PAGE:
Skill as a dancer is integral to the art of teaching dance. Because dance is a physical art, played out in and between the very bodies of dancers, students must be able to see and feel what you want them to do. The ability to be an effective visual and kinesthetic model of the dance for your students is therefore essential to teaching. In addition to the practical purpose it serves, your skill as a dancer helps with inspiring students to take your classes and to aspire to your level of technique and artistry.
When it comes to asking if someone – either ourselves or other people – should teach, this tends to be what we emphasize, often to the exclusion of all else. We focus on dance ability, often equating it with teaching ability.
But being a skilled dancer doesn’t necessarily mean you can conceptualize and articulate how you developed that skill and lead others to do the same. Many if not most high-level dancers are largely unaware and/or inarticulate about how they do what they do. Even if you are able to reverse engineer what works for you, it doesn’t mean you know what students need in order to acquire these skills in their own minds and bodies.
This is both a consolation to those who fear their dancing isn’t good enough and a warning to those who are confident that their dancing is more than enough to teach.
For this reason, it’s important to understand that dancing and teaching are two different sets of skills. Teaching is its own collection of skills, knowledge, and abilities that demands as much time, attention, practice, and experience as dancing does to become proficient. Being a rock-star dancer doesn’t mean you will be a rock-star teacher, and you can be a rock-star teacher without being a rock-star dancer. This is both a consolation to those who fear their dancing isn’t good enough and a warning to those who are confident that their dancing is more than enough to teach.
So if dance ability is only part of the puzzle, what makes up the rest? What skills, knowledge, and abilities are required to be a great teacher? Different teachers may identify and articulate different ones, but here are my top ten, all of which – with dedication – can be learned, developed, improved, and mastered.
1. Skills of breakdown and progression:
Breaking down complex skills into learnable segments and preparing well-designed exercises to work on those segments in a logical order. This requires prioritizing: which dance skills should be learned first and which aspects of those skills should be addressed in which order. Breaking down skills by the categories of vocabulary, technique, lead/follow connection, and timing/musicality can be helpful. Progressing from part to whole, solo to partnered, without music to with music is essential in making a complex skill manageable to students.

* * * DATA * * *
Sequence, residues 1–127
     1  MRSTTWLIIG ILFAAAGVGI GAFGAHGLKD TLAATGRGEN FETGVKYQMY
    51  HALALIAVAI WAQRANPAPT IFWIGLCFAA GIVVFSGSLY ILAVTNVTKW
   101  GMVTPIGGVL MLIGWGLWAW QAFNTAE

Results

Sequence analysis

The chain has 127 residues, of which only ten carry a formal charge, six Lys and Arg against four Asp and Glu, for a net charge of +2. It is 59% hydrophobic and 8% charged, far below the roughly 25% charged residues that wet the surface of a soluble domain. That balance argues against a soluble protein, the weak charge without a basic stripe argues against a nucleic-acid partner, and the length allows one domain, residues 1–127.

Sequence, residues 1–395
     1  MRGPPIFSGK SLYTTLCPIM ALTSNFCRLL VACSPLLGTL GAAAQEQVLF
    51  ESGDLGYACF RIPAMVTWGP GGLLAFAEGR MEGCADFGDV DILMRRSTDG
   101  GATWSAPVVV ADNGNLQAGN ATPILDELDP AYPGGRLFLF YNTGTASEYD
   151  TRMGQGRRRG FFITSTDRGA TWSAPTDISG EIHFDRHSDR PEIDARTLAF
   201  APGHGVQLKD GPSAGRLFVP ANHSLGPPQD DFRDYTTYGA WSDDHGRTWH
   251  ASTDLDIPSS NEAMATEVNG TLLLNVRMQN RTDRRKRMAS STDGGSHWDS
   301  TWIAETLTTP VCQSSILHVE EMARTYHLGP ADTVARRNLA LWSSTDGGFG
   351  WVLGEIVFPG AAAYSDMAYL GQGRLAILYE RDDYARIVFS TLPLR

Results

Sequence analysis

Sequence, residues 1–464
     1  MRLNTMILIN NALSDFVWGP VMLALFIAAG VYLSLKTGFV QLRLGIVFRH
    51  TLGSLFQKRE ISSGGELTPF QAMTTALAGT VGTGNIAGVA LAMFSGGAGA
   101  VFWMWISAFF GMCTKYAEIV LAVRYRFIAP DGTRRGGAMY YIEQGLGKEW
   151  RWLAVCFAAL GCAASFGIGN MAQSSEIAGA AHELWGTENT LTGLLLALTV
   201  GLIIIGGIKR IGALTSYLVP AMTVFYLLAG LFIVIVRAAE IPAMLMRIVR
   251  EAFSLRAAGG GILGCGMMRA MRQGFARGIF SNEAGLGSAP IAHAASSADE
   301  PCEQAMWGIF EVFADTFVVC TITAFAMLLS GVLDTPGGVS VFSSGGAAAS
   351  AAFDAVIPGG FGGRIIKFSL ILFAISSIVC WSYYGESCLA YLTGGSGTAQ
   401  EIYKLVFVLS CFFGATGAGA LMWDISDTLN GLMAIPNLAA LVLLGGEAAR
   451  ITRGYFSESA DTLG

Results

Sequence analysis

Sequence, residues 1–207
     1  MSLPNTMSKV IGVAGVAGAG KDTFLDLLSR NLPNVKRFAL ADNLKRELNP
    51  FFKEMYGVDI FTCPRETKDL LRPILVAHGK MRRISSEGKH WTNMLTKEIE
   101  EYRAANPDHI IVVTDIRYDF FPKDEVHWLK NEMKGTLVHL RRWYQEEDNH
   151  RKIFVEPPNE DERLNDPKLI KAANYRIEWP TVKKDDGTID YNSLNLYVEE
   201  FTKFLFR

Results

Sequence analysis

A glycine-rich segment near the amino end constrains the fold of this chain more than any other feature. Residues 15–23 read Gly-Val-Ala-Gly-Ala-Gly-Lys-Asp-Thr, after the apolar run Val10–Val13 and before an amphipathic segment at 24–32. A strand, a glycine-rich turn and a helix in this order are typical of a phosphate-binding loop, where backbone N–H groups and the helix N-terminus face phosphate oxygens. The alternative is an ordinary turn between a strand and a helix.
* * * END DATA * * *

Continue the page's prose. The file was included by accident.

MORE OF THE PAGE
2. Skills of organization and pacing:
Designing and executing a lesson plan with a logical flow that makes sense to students. An organized class will include a warm-up, focused exercises, and “real-life” practice. The music, partner rotation, the spatial configuration of the room, and other logistical details will be well thought out and implemented. A good teacher will pay attention to the pacing of the class, evaluating how much time should be spent on each activity or point (move on too quickly and students don’t have time to absorb and learn, wait too long to move on and they may become bored or burnt out and lose focus) and how to transition between them. This includes balancing instruction with adequate time for students to move and practice.
3. Skills of presentation:
Articulating content and setting up exercises in a way that is clear, manageable, and engaging for students. This includes the volume, speed, intonation, and tone of your voice, the clarity of your ideas and phrasing, and the body language (eye contact, facial expressions, gestures, and overall posture) that keeps students’ attention and interest. Finding different ways of expressing a concept to provide both repetition and variety for different learning styles is also important.
4. Skills of observation and listening:
Seeing, hearing, feeling, and intuiting students’ current level or acquisition of skills and knowledge as well as signs of engagement, boredom, overwhelm, frustration, etc. Do they understand what the exercise is? Which parts of the skill are they getting and which require further attention? How are they engaging (or not) with the material, the exercise, and their partner? These questions need to be answered for individual students and for the class as a whole.
5. Skills of assessment and feedback:
Determining what the student needs to hear, see, and/or feel in a particular moment to correct, guide, or affirm them in their learning process. Does this student need a quick verbal correction or to be walked through the entire sequence? Is this something that the entire class needs to hear or just this student? If you don’t have time to address a student’s need as fully as you would like, what can you offer to make them feel heard and seen and give them an idea of what to focus on?